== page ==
Tinder has announced a collection of tools for the application that prevent users from being catfished and help them keep in touch with trusted contacts and emergency services if needed.
On Thursday, Tinder announced a slew of new safety features designed to protect users when they’re meeting new people.
A handful of the new tools are available thanks to the integration of Noonlight, a connected safety platform that gives each individual a personal safety service. Through Noonlight, users can share information about their date night — who they’re meeting as well as where and at what time — with people they trust. Users can “discreetly trigger” emergency services in the event that they feel uncomfortable or in danger.
Along with Noonlight, Tinder has begun slowly rolling out Photo Verification, a feature that’s still being tested, which “allows members to self-authenticate through a series of real-time posed selfies, which are compared to existing profile photos using human-assisted AI technology.” Those with verified identities will have a blue checkmark next to their names in a very Twitter-like fashion.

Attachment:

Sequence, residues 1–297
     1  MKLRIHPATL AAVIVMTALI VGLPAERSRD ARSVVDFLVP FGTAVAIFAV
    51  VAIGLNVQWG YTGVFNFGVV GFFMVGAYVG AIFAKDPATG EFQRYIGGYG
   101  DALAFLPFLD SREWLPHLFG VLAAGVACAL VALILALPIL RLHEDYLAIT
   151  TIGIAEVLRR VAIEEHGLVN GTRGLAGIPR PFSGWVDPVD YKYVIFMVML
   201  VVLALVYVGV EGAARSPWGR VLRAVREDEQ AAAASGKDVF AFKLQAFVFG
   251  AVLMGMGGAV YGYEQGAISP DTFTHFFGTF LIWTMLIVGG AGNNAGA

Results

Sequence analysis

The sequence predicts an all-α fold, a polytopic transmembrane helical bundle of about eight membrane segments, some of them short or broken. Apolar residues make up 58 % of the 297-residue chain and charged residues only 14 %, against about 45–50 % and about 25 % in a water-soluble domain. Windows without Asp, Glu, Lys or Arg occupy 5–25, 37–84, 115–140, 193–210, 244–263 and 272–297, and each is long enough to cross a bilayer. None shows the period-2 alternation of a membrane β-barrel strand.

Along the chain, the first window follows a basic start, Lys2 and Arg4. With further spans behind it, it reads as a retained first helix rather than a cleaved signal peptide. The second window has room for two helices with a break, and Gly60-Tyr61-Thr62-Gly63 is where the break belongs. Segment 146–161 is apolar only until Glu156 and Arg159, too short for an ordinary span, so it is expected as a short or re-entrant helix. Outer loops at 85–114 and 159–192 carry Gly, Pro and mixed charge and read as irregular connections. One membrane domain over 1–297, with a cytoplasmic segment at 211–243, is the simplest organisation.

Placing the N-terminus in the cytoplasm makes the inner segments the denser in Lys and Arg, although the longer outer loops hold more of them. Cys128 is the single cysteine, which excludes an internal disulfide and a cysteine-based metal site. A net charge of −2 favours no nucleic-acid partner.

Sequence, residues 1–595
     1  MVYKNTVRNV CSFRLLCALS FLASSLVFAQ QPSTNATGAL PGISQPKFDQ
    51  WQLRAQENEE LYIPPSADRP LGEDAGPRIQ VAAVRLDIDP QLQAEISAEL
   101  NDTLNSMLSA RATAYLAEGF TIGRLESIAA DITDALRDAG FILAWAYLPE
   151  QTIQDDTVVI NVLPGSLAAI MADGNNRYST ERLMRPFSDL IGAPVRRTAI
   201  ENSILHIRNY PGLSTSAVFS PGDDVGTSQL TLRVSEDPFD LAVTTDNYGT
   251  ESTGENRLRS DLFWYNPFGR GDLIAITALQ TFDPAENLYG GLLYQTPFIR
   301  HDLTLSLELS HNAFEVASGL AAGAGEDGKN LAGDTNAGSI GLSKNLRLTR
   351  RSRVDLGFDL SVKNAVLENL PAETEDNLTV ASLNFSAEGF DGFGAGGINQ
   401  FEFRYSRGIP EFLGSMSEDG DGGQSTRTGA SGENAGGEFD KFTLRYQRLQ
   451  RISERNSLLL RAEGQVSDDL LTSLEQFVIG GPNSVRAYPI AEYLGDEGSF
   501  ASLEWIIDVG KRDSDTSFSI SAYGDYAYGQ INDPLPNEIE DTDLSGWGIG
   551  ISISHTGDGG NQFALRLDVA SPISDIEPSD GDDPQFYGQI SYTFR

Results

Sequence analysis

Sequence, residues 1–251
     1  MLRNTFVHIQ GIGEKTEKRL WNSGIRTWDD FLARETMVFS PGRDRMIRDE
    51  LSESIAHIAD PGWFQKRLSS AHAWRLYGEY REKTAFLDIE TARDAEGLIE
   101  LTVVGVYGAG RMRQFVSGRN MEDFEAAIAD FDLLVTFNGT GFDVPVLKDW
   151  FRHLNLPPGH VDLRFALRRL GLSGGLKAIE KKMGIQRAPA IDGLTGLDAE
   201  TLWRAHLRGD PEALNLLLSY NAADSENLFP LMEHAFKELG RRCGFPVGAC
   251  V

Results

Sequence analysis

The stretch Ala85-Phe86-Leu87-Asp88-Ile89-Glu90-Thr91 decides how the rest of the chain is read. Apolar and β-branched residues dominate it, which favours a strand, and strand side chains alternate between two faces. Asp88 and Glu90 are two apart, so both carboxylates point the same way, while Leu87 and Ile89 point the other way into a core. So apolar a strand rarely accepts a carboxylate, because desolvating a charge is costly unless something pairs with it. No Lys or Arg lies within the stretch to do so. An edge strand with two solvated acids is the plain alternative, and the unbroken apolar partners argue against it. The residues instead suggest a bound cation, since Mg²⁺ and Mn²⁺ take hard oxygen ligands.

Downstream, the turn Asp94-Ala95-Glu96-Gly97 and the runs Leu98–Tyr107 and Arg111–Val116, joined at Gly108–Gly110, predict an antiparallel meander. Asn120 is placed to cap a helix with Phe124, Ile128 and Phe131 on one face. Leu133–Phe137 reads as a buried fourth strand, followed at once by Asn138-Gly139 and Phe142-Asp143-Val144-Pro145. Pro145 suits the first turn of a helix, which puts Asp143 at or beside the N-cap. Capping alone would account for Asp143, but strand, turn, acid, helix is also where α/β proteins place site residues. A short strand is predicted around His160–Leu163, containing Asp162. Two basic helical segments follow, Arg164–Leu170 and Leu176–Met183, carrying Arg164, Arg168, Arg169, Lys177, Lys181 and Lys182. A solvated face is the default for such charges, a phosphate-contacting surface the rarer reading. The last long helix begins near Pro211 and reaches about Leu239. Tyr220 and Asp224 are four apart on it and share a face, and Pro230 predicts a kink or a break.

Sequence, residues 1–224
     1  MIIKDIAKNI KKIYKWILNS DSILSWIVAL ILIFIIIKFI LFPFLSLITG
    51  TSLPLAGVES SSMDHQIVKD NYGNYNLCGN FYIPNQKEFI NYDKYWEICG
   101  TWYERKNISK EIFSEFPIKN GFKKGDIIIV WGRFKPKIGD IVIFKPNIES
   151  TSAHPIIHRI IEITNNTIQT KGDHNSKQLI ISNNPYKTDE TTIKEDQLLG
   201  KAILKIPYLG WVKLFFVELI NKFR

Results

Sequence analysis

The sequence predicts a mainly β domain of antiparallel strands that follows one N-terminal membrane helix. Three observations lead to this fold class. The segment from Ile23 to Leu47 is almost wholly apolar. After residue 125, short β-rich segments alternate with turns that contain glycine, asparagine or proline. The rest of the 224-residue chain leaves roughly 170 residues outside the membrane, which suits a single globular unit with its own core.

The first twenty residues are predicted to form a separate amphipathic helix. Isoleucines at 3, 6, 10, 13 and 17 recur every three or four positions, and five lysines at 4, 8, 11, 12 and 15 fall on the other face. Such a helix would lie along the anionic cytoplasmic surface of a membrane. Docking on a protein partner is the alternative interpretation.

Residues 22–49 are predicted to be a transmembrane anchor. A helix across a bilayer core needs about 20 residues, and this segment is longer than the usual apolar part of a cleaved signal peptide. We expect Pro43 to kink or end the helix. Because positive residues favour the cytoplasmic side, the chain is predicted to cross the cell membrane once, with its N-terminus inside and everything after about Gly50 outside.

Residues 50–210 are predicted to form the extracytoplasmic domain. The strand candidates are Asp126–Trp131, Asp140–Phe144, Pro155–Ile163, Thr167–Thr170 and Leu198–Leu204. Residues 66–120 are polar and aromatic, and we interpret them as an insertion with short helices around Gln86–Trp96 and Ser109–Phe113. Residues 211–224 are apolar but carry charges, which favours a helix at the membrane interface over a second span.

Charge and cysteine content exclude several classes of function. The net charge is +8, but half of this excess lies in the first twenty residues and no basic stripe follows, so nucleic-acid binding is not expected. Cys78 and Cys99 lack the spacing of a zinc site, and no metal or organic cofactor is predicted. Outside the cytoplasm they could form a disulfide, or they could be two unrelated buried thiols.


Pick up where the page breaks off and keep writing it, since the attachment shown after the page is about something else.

Conducted by a government-funded non-profit in Oslo, Norway, the report was released on Tuesday.
Users will also be armed with a Safety Center tool which provides information about how to stay safe. The company has plans to eventually personalize this guide to each individual, but right now, it’s rolling out with the same information for everyone.
Lastly, in select markets the application will inform users if offensive content was sent thanks to machine learning. If this type of message is detected, Tinder will prompt users with a question asking “Does this bother you?” and if they answer “yes,” they will be presented with the option to block the person. Likewise, if a user is sending offensive content, the app will ask them to verify if they really want to send the material.
All features have already begun rolling out and will continue to over the next few months.